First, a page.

US could sanction Chinese officials over Xinjiang abuses
BEIJING (AP) — A senior U.S. official says the United States would pursue sanctions on Chinese officials involved in a sweeping security crackdown in the western region of Xinjiang if they were deemed appropriate for designation under a law targeting human rights offenders.
Acting Deputy Assistant Secretary of State Laura Stone said Wednesday that the U.S. was deeply concerned about China’s detention of at least “tens of thousands” of ethnic Uighurs and other Muslims and could take action under the 2016 Global Magnitsky Act.
Beijing has defended its crackdown as a “People’s War on Terror” and a necessary move to purge separatist and religious extremist elements from Xinjiang, a vast region with more than 10 million Muslims. But an extrajudicial detention program has swept up many people, including relatives of American citizens, on ostensible offenses ranging from accessing foreign websites to contacting overseas relatives.
Speaking to reporters in Beijing, Stone said the U.S. was particularly concerned about the detained family members of six journalists — four U.S. citizens and two U.S. permanent residents who have reported on Xinjiang — working for Washington D.C.-based Radio Free Asia.
“The information we have, including about detention centers, paints a disturbing picture,” Stone said. “We will continue to raise our concerns with the Chinese government and call for legal due process in the detention of any citizens.”
Xinjiang authorities have established a network of detention centers operating seemingly without legal basis. Rights groups estimate such centers are holding at least tens of thousands of people who receive so-called political education for indefinite periods. It is just one element in a far-reaching security regime credited to Chen Quanguo, the Communist Party official previously placed in charge of Tibet. Other aspects of the campaign include all-encompassing digital surveillance , mass deployment of police and severe regulations against religious customs and dress.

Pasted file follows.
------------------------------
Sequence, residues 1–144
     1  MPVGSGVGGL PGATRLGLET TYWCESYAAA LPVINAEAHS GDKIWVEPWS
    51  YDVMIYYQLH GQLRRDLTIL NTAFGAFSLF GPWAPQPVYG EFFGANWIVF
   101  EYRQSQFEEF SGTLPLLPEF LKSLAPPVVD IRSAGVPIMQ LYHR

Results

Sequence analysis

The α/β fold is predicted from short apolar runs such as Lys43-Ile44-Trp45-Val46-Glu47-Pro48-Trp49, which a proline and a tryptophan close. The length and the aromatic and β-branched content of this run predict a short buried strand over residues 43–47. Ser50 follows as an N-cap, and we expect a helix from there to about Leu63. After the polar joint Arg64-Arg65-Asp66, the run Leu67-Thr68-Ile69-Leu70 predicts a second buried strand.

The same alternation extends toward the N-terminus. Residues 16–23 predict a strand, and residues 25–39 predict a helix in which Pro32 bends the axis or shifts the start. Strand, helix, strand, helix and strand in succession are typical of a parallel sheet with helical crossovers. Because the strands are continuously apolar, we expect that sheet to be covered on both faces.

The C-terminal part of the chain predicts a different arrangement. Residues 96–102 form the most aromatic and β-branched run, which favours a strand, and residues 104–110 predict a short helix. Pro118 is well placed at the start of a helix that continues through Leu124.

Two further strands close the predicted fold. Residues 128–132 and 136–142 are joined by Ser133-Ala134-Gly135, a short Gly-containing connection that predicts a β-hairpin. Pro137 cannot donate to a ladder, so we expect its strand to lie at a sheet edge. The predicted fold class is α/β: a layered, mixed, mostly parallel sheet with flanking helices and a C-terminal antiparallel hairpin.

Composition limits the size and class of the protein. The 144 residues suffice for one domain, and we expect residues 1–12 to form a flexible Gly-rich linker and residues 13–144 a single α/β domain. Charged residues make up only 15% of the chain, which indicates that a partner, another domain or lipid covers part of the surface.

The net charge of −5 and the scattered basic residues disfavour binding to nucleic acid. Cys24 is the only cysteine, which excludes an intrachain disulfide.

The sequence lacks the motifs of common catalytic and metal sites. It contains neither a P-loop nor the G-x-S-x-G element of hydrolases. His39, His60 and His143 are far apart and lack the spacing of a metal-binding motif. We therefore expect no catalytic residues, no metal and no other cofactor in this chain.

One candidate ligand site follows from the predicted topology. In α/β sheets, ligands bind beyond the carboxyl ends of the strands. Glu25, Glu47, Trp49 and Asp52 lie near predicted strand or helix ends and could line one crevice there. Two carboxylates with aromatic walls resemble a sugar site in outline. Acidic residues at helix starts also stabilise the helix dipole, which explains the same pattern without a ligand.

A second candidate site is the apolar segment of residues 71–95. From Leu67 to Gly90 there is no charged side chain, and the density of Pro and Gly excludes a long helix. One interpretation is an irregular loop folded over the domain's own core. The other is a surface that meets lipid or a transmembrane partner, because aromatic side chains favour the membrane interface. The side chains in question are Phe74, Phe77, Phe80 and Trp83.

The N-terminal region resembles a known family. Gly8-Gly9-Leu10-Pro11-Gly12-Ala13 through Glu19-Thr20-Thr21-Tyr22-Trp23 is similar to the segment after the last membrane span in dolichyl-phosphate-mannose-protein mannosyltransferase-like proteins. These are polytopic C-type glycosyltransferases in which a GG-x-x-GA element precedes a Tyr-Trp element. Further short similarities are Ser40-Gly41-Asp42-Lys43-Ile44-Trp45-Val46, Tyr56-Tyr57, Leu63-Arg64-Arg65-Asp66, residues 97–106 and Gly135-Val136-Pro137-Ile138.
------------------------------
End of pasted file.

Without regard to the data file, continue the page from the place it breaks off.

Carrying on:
U.S. lawmakers raised the possibility of Magnitsky Act sanctions this month, signaling growing concern in Washington over alleged human rights abuses in Xinjiang. Republican leaders of the Congressional-Executive Commission on China, Sen. Marco Rubio of Florida and Rep. Christopher H. Smith of New Jersey, asked the U.S. ambassador to Beijing, Terry Branstad, to visit the region and collect information on Xinjiang officials responsible for the mass detention policy.
The Global Magnitsky Act allows the U.S. government to place travel and financial restrictions on individuals anywhere in the world given credible proof of their role in human rights violations or corruption. For the first time in December, U.S. authorities designated 52 people under the act, including a Myanmar general allegedly involved in the deadly crackdown on Rohingya Muslims and a Chinese police official who oversaw the Beijing detention center that held Cao Shunli, a human rights activist who died in custody.
Under the sanctions, which empower the Treasury Department to target officials anywhere for human rights violations and corruption, the U.S. assets of listed individuals will be frozen and they will not be allowed to do business with U.S. banks.
Chinese foreign ministry spokeswoman Hua Chunying on Wednesday warned the U.S. against “interference in any form and groundless accusation on China’s internal affairs.”
Members of all ethnic groups in Xinjiang “live and work in peace and enjoy development and tranquility,” Hua said.